We are a computational laboratory focused on integrating biological, socio-demographic, and clinical data types to learn about the pathophysiology of psychiatric and neurological illnesses. By developing statistical models of illness risk and prognostic trajectories at the population level, we seek to develop clinically useful tools which may inform optimal treatment strategies or lead to the development of novel therapies.
By combining data from typically siloed fields, we aim to understand mental health as the product of more than just brain structure and function, examining the complex interaction of genetics, environment, and lived experience. In order to develop this whole person perspective, we apply biostatistical and machine learning methods to probe the high dimensional space of "big data" produced by local and international population-based studies (such as the UK Biobank and Canadian Longitudinal Study on Aging) and distill those features which are most informative in making clinical predictions.
We strive to balance complexity and utility, by emphasizing that research in this often abstract space must be made accessible to clinicians and policy makers. We continually remind ourselves that our goals are not merely academic; ultimately, the purpose of our work is to meaningfully improve the lives of those affected by mental illness.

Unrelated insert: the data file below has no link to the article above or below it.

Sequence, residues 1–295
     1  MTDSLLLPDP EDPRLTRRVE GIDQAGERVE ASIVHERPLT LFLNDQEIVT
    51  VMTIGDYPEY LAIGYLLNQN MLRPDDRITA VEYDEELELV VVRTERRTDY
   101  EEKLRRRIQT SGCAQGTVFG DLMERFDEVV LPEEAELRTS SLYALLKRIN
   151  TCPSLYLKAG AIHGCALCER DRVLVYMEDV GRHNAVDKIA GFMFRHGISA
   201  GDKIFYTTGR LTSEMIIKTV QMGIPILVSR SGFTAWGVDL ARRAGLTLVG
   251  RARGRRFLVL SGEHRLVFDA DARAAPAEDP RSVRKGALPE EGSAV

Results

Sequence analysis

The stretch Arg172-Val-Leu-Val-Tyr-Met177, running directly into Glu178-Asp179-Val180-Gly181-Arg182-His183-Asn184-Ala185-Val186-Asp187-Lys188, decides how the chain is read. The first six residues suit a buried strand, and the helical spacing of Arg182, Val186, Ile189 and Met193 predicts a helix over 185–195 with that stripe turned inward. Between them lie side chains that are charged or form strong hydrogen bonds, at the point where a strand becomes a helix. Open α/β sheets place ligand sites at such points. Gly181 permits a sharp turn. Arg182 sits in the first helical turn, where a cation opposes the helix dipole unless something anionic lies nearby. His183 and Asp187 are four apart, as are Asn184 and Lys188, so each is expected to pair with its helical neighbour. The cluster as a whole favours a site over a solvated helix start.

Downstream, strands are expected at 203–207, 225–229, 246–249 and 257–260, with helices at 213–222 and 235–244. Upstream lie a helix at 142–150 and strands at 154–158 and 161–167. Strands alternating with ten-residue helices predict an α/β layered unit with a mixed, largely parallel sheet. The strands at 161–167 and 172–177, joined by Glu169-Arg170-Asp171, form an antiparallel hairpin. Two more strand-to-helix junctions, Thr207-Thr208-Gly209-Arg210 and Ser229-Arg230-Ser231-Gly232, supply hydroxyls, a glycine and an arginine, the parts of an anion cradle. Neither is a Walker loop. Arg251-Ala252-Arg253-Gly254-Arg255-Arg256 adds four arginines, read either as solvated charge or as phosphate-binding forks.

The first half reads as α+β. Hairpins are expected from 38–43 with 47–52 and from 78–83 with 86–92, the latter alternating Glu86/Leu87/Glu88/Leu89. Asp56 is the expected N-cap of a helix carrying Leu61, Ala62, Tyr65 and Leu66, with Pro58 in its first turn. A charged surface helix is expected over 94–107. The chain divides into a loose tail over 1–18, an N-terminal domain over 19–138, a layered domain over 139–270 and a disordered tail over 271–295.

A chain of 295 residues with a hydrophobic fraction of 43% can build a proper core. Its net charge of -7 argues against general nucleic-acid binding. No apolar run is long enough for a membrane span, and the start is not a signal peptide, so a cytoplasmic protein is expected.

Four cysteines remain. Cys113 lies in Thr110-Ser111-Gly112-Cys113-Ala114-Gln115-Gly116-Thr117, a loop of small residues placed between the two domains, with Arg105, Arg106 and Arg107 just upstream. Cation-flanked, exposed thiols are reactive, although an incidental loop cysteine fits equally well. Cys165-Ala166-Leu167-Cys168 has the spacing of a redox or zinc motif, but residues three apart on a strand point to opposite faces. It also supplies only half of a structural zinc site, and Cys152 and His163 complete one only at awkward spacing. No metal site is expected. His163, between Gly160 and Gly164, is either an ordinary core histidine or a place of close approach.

We are located in the Krembil Centre for Neuroinformatics on the 12th floor of the Centre for Addiction and Mental Health (CAMH) in Toronto (250 College Street).
Dan Felsky PhD, Lab Head.
Independent Scientist, Krembil Centre for Neuroinformatics, Centre for Addiction and Mental Health
Assistant Professor of Psychiatry,
Associate Member, Institute of Medical Science,
University of Toronto.
Use hypothesis-free approaches to clustering features and individuals to reveal distinct illness subtypes
Apply high dimensional statistical models using cross-disciplinary data types inclusive of central and peripheral features
Dissect heterogeneity in populations by identifying key biomarkers of illness risk and progression
Use population models to make group- and individual-level predictions of symptom trajectory and treatment response
Use machine learning to prioritize predictive features and better understand the pathophysiology of disease